Tuesday, April 1, 2014

Choosing Camino Le Puy

When I decided I'd like to return to the Camino again this year, to walk a different path, the big question was which path? One of my earlier posts included a map showing 12 waymarked Camino routes in Spain and France - so there are plenty of options. I narrowed it down to three:
  1. Camino del Norte (Spain) - known as the northern route, 830 km more or less parallel to the northern coast of Spain, includes San Sebastian and Bilbao and ends in Santiago
  2. Via de la Plata (Spain) -  1,000 km route that starts in Seville and heads straight up and then west to Santiago. The last 300 km or so can be completed via the Camino Sanabres or by joining the Camino Frances at Astorga.
  3. Camino Le Puy (France)  - the most popular of the French routes, approx 750 km from Le Puy-en-Velay to St Jean Pied de Port at the foot of the Pyrenees, where it connects with the start of my previous caminos, the Camino Frances.
But then I got stuck. All three appealed for different reasons but I also had reservations about each:
  • Camino del Norte would be the obvious choice, I thought.  The distance is about right and the terrain challenging. The coastal aspect is appealing, as is the opportunity to visit San Sebastian and Bilbao. While there would be fewer pilgrims than the Camino Frances, it seemed there would be enough that it wouldn't be lonely. But it just wasn't feeling like the right choice this time.
  • Via de la Plata, the Silver Way, captured my imagination. I really like the name for a start! A few days in Seville before setting out is an exciting prospect, the early spring weather would likely be dryer and warmer than on most other routes, and 1,000 kms to Santiago is a neat number.  But I was concerned at the descriptions of isolated stretches where you may not meet another walker for a few days at a time.
  • Camino Le Puy consistently gets rave reviews across the board - the volcanic landscape of Velay, the Aubrac plateau, the vineyards of Armagnac, the hospitality of the gites in rural France and the opportunity to pass through some of the most beautiful towns in Europe.  Sounds perfect.  But the only reservation I had about Le Puy was a big one - it's not in Spain!

I decided there was no hurry to decide. I would let it rest with me for a while and the answer would come in time.  That's another thing I love about the Camino - you don't have to make too many arrangements. Just decide when to go, get yourself to the beginning, and start walking.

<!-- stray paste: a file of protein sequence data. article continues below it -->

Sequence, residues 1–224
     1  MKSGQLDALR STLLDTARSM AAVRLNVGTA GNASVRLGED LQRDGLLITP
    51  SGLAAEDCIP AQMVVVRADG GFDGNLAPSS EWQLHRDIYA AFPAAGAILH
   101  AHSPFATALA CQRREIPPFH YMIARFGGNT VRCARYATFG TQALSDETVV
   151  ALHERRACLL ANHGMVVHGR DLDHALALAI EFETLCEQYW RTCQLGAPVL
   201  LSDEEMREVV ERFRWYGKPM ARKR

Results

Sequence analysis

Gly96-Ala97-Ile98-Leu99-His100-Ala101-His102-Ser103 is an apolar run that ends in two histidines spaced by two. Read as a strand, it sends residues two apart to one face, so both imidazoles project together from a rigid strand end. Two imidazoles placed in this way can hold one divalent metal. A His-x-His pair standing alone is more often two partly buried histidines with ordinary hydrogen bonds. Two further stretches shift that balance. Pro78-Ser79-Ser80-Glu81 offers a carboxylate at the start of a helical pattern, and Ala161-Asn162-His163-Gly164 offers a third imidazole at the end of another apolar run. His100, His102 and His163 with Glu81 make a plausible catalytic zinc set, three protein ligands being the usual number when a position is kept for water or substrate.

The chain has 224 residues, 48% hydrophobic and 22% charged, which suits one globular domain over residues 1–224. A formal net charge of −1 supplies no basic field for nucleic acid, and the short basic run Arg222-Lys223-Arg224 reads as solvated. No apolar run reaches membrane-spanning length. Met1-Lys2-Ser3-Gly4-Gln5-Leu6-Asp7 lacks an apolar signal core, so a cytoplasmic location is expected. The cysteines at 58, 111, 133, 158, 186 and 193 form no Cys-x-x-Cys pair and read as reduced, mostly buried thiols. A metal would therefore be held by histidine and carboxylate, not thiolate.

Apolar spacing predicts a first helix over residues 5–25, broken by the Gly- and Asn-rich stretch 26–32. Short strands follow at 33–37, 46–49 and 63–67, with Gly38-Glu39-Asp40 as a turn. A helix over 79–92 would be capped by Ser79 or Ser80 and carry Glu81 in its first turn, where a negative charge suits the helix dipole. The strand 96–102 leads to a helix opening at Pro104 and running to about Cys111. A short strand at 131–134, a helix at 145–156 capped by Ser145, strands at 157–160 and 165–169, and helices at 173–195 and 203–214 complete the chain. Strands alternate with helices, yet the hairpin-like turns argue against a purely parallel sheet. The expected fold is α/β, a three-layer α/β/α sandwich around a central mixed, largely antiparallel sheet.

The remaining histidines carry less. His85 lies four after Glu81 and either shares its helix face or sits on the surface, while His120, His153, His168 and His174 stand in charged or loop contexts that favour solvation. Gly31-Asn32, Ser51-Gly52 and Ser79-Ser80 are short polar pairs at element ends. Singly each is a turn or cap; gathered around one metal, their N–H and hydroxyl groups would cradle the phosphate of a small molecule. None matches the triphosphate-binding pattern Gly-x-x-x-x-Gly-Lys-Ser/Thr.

Time went by.  I was no closer to a decision. I was drawn to Le Puy but could not imagine being so close to Spain and not spending time walking there.  I love Spain!  It crossed my mind that if I gave myself a little more time away, I could walk the Camino Le Puy and continue over the Pyrenees into Spain. Perhaps as far as Pamplona (3 days walk beyond the border) and perhaps even a few more days on one of the other Spanish routes. Worth considering.

A month or so later, still undecided, I received an email from Sheryl from North Carolina. Jill and I met Sheryl and her husband Glenn early in our Camino in 2013. Many days we found ourselves walking together or arriving at the same albergue or casa in the afternoon. After Day 19 in Leon, I don't think we saw them at all on the path, but figured they were not far away. We were thrilled when they arrived in Santiago just one day behind us. It was a great reunion shared with others who had become our amigos peregrino along The Way.

When Sheryl's email arrived late last year, it was as surprising as it was brief.  Like me, they were planning to walk another Camino in April 2014 - and added the not so cryptic question, 'How's your French?'  So, my decision became an easy one.  I am not one to ignore such serendipity! Oh, and another peregrino friend Bob had the same idea, so he'll be there as well!

We will all arrive in Le Puy on the night of Wednesday 2nd April and set out from the Cathedral on the morning of the 4th.  We haven't discussed any more than that.  I don't know how far they hope to walk or how much time they have allowed. Whether we walk together for a day, a week or a month, it doesn't matter.  I'm just excited to be seeing them in less than two days' time.

The Camino has a way of bringing people together.  My friend Rosanne says the Camino is the gift that keeps on giving. For me, that has certainly been true.

Off to the airport soon! A plus tard. Hasta luego. See you later.

J. x

P.S.  The answer to Sheryl's question 'How's your French?'.  Not good.  C'est la guerre!

Paella in Hontanas, Camino Frances, April 2013. Glenn, Sheryl, Bob, me and Jill.


  1. Hi Jen.....just to pass on best wishes for your 2014 Camino....have a safe and happy adventure.......eagerly awaiting your always interesting blogs.

  2. Hi Jenny, good luck with this Camino. I'm enjoying the armchair ride again.